It’s Narcissist Friday!
A question that came up lately in a discussion: Can times of trauma, confusion, or other stress lead to narcissistic characteristics in a way that the person would not have been considered a narcissist prior to the stress and may return to normal life when the stress is alleviated?
The most obvious answer is, “Of course!” However, that leads to other questions and considerations. First, why did this person handle the stress in that way? Has he been a covert narcissist who simply was exposed while under pressure? Some narcissists are bound by their upbringing or other social restrictions to keep their perspective to themselves. Others are smart enough to understand that a covert service of their image will be more effective and desirable. Is it possible that the stress has revealed a way of looking at the world which was not obvious before? If this is the case, the person may not have been considered a narcissist before the stress and, when the stress is relieved, may return to an apparently normal life.
Another thought: knowing how narcissists so habitually blame others for any negative in their lives, what would stop a diagnosed narcissist from saying that the narcissism was only the consequence of the stress of a bad marriage, a bad job, or something else? In that case, the narcissist would assure you that, when the stress is relieved, he would return to his normal perspective.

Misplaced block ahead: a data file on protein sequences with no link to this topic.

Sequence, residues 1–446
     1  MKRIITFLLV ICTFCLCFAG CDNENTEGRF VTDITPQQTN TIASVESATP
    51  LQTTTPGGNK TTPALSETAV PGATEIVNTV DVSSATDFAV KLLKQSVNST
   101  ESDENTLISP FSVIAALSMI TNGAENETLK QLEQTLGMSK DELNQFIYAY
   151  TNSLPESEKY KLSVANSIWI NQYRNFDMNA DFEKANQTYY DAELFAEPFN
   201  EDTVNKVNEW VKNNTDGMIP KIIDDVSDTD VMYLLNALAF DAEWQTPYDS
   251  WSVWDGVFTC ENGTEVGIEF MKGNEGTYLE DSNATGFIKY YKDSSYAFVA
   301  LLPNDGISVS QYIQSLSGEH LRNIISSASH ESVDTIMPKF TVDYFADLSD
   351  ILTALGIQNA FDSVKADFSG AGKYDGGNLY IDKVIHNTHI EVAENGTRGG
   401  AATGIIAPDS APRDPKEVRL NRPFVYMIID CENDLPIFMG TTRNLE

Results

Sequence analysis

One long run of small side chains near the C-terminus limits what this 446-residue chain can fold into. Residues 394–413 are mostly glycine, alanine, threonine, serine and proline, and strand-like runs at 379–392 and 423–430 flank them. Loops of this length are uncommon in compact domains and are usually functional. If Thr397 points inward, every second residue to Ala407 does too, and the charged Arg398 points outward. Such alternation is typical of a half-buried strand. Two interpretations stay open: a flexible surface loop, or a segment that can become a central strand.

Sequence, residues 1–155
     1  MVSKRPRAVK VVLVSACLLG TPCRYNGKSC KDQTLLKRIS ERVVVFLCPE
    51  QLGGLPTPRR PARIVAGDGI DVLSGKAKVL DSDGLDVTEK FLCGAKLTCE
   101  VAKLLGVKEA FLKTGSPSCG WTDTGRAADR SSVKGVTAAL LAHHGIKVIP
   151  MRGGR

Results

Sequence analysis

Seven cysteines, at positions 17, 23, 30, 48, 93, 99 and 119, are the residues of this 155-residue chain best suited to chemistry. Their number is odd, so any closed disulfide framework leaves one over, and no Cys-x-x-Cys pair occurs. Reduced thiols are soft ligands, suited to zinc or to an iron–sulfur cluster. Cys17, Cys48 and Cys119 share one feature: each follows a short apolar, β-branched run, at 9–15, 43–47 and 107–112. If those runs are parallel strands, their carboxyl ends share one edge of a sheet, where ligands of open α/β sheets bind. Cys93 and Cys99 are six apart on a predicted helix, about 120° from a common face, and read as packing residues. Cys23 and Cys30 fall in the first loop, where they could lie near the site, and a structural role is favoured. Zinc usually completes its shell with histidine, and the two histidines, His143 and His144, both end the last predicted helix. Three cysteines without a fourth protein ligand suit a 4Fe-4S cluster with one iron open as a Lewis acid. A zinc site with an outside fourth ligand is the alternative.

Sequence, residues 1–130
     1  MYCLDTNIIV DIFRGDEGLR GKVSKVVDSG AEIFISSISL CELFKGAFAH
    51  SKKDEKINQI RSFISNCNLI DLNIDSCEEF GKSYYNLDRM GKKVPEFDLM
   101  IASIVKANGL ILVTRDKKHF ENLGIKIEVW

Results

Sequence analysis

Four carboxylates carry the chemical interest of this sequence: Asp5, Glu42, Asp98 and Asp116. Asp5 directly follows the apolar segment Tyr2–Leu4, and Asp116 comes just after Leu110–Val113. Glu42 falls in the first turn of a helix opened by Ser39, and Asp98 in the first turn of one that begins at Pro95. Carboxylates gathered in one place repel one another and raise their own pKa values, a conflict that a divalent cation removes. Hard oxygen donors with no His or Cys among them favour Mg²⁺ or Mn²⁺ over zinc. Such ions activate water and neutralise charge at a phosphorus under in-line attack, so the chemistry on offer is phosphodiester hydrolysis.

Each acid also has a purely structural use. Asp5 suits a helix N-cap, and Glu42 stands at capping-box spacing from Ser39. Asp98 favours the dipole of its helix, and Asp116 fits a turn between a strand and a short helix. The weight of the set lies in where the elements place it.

Interestingly, the victim of a narcissist may present as narcissistic when he or she has reached the breaking point. At that time, the victim may say things like, “What about me? I’m important, too.” She may decide to do things her way and for her own sake, even though she was submissive and giving before the break. Many writers have noted the rage experienced by the victims of narcissists. Often that rage fuels a narcissistic perspective. The victim may say, “He has had everything he wanted; now it’s my turn.”
I would suggest that it is quite possible for a person under stress to exhibit narcissistic characteristics, even to quite advanced degrees. Narcissism is fundamentally a coping mechanism, a way of and desire to control the world that causes pain. The classic narcissist learns to cope in this way when very young and refines his art through the years. The person under sudden or cumulative stress may find a narcissistic perspective to be a way of hiding from or judging the source of that stress. It may be helpful to seek to understand why the person chose that particular way of coping, but it may not be appropriate to consider such a person a narcissist.